I found the Esperanza resort a tremendous place to stay because it was close enough to all the activities but also because it was small, quiet, and exceptionally beautiful. It has two infinity pools that overlook the Sea of Cortez, each with a hot tub that simmers at the temperature of boiling water. One of the pools has a bar built into it, which becomes very convenient for your afternoon margarita.

Anyone for a Margarita?

Anyone for a Margarita?

The restaurants and bar areas are perched on a cliff overlooking the water, just gorgeous both day and night. Luckily the restaurants are not just pretty, they excel at fresh fish and grilled meats seasoned with local chilies and spices.

The hotel, although intimate in size, has a full service spa, a well appointed gym, and a concierge to fulfill your every desire. Service is first rate at Esperanza, every detail is taken care of, so you can just sit back and enjoy.

I am so glad that I had a chance to return to Los Cabos, the weather, the palm trees, the whales, the coastline, the food, and the people all made it a spectacular week. I hope you are able to visit Los Cabos sometime, and share a little piece of heaven.

Big Sur and The Post Ranch Inn

Thursday, August 19th, 2004

Big Sur Coastline

Big Sur Coastline

I am constantly amazed by the ocean. This massive body of water harnesses incredible amounts of energy. I find it fascinating to watch waves form seemingly out of nowhere, at times reaching heights of over ten feet. They then unleash their power and come crashing onto shore, sounding almost like thunder. Although the ocean may appear violent, as waves break onto the sand, it is rather tame compared to those that explode onto rocky coasts. Black jagged rocks rise 20 feet out of the sand, and the waves crack up against these spires spraying seawater in every direction. The gnarly rock cliffs provide an awe-inspiring backdrop to the fearsome ocean, and it happens to be one of the most beautiful scenes in nature…welcome to Big Sur.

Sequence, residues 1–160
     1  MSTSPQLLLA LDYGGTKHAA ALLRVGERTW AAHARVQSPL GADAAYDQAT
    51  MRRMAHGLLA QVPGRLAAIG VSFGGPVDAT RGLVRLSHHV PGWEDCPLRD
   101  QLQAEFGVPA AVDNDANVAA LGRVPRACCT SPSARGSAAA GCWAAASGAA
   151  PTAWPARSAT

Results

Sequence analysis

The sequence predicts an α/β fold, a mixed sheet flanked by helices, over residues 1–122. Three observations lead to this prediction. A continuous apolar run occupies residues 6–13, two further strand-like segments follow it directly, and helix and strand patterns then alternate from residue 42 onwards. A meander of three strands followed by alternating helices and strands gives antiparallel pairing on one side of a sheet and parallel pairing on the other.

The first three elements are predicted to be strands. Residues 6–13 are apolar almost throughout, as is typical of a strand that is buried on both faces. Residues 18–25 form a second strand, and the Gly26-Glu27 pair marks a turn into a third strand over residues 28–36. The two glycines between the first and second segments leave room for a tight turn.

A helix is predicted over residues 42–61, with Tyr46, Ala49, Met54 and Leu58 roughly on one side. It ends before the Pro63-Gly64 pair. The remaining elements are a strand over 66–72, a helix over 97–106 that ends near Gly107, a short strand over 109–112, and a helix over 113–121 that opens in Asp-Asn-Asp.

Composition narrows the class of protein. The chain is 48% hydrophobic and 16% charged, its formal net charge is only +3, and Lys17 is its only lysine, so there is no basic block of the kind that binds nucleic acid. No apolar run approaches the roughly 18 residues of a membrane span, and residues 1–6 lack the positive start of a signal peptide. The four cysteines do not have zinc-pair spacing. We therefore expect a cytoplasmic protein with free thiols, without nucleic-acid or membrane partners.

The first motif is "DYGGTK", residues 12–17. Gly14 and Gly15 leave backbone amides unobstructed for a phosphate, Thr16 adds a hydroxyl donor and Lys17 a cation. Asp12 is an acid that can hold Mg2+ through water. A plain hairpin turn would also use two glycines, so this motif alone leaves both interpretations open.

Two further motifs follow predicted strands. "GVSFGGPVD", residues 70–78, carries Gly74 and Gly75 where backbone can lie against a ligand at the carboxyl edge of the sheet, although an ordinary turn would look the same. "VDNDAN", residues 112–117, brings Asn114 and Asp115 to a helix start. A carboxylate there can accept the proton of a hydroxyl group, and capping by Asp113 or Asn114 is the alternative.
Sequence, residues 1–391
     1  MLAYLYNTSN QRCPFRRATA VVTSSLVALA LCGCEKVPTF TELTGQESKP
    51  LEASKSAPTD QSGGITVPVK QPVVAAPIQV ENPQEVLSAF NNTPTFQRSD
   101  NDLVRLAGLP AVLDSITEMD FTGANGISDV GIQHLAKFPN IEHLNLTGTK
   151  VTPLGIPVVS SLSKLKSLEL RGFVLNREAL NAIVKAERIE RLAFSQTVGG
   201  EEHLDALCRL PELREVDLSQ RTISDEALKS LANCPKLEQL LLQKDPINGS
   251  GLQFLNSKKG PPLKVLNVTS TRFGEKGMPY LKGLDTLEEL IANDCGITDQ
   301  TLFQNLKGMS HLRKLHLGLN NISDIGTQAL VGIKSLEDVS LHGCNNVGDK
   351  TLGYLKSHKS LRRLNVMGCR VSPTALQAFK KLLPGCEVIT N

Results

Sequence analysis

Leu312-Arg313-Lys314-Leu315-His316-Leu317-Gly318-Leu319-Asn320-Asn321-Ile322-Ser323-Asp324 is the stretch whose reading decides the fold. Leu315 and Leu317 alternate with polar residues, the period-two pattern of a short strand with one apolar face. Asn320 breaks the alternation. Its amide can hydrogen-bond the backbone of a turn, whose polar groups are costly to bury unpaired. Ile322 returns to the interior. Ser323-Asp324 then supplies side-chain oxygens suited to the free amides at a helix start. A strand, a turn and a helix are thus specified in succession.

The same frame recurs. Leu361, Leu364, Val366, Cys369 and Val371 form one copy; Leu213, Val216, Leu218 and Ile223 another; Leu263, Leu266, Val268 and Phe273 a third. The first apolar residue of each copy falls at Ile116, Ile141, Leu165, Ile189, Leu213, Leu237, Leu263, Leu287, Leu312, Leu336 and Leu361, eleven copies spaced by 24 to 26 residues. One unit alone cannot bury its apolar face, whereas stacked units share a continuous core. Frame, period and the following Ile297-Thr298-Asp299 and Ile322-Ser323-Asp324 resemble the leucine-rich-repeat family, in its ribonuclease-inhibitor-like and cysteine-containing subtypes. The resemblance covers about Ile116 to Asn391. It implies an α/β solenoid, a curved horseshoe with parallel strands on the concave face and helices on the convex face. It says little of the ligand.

Along the California coast, just south of the Monterey peninsula, is the area best known as Big Sur. It’s a combination of beaches, mountains, and hundreds of acres of National Park that encompasses some of the most beautiful scenery in the world. The shoreline is extremely rough, a real contrast to those flat, wide open beaches of southern California. In Big Sur, the mountains seem to rise right from the sea. These craggy cliffs form a dramatic segue to the Pacific Ocean. Along this coastline are a few inlets with spectacular small beaches. These tiny enclaves are never crowded because they can only be reached on foot – yet this remoteness only adds to their beauty. Big Sur is a nature lover’s paradise; a magnificent collection of mountains, canyons, beaches, waterfalls, and all types of wildlife and plants.

Experiencing Big Sur can be achieved on anyone’s budget. There are many campgrounds and RV parks for those wanting to get closest to nature. Quaint bed & breakfasts are available for those that prefer charming accommodations. And for a true mind-blowing experience, I recommend the Post Ranch Inn – perhaps my favorite resort in the entire world.